Choosing the Best Tire Pressure Gauge

CR's tests point to the right tool for the job

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Tire pressure gauge being used Consumer Reports

It’s important to keep your car's tires properly inflated to get the optimum performance, safety, and tread life. Without the proper pressure, tires can wear faster and unevenly, waste fuel, and hurt your vehicle’s handling.

Monitoring your tires is a simple task you should do once a month. It's especially important to check tire pressure in the fall and winter because it often lowers in cooler weather. Underinflated tires build up excess heat as you drive, which can lead to tire failure.

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Consumer Reports' tests have shown that accuracy among handheld tire pressure gauges varies, and you get what you pay for.

We tested the gauges for accuracy at room temperature, and in hot and cold extremes that are typical of what a gauge might undergo while stashed away in the glove compartment. We also assessed gauge durability by checking each one's accuracy after a fall from a tabletop, and we evaluated how easy it was to use each model.

Our ratings of stick, dial, and digital tire pressure gauges cover 17 models from a range of manufacturers, including Accutire, Auto Meter, Gorilla Automotive, Intercomp, McLintech, Slime, Tekton, TireTek, and Victor.

Picking the Best Tire Pressure Gauge

Tire Pressure Gauges
Victor 00876-8, Intercomp 360060, and Accutire MS-4400B tire pressure gauges.

Photo: John Powers/Consumer Reports Photo: John Powers/Consumer Reports

Stick Gauges

Stick gauges (above left) can be hard to read and finicky to use, our testers found. Among the stick gauges, the Victor 00876-8 stood out for accuracy, durability, and price. These are the cheapest type, at an average price of just under $5.

Dial Gauges

Dial gauges ranged in performance in our tests. Some of the cheaper gauges were dinged for poor accuracy, ease of use, or durability. The Intercomp 360060 is a standout model, but it is pricier than many alternatives. Dial gauges cost around $22, on average.

Digital Gauges

Digital gauges are generally very accurate and easy to read, our testers found, particularly those models with an illuminated display to read in dim light—such as in the shadow of a car. The Accutire MS-4400B shines in our ratings. Digital gauges cost about $12, on average.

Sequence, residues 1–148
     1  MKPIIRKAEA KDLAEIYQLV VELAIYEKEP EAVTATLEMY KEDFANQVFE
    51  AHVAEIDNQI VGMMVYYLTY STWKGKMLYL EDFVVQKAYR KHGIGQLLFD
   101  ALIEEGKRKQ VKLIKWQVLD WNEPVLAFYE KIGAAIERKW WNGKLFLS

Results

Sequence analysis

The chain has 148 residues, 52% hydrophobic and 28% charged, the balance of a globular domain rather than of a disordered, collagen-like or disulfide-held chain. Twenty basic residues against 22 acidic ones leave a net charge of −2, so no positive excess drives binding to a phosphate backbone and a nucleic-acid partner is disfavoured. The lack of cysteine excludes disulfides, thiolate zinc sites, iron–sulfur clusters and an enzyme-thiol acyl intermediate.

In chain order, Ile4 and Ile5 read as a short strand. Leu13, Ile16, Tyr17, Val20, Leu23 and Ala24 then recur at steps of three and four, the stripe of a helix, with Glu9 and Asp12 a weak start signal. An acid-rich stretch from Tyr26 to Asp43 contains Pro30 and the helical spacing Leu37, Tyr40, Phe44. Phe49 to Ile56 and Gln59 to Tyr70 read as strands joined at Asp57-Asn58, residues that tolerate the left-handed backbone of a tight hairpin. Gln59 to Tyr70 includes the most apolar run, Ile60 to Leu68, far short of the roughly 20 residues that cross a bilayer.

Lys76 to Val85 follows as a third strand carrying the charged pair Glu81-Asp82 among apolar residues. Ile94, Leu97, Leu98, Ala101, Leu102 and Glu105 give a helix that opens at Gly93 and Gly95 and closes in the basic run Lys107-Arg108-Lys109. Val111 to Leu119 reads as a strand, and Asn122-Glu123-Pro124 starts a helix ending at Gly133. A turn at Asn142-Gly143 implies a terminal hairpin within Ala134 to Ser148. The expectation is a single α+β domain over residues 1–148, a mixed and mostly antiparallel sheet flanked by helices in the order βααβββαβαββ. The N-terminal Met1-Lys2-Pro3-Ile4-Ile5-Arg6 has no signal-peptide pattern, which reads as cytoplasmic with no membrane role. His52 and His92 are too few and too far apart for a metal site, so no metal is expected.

Tips for Checking Tire Pressure

  • Check tire pressure when the tires have been cooled to the ambient temperature, typically after sitting parked for 3 hours or more. Tire pressure increases when the tire is driven.
  • Set air pressure based on the tire information placard, usually found on the driver’s doorjamb, and not to the maximum pressure indicated on the tire’s sidewall.
  • Check the inflation pressure of your spare tire.
  • Remember that a tire pressure monitoring system (TPMS) isn’t a maintenance reminder—it's a system to alert you that one or more tires is significantly low on air pressure and needs immediate attention. Just because the TPMS warning light isn’t illuminated, don’t assume your tire pressure has been set correctly.
  • Store the tire pressure gauge in a secure, clean, accessible spot. Dirt and grime can affect the scale slide on a stick gauge, and battery life is a concern for digital gauges. Keep a tire pressure gauge in the glove compartment of every car you own.

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Gene Petersen

Because I took the tires off my toys as a kid, my mother thought I would be a truck driver—not a tire-testing engineer for more than three decades and counting. I still marvel at how complex and durable tires are and how much they contribute to car performance and safety. When I'm not obsessing over tires, I enjoy carpentry, gardening, and just being outdoors every chance I get.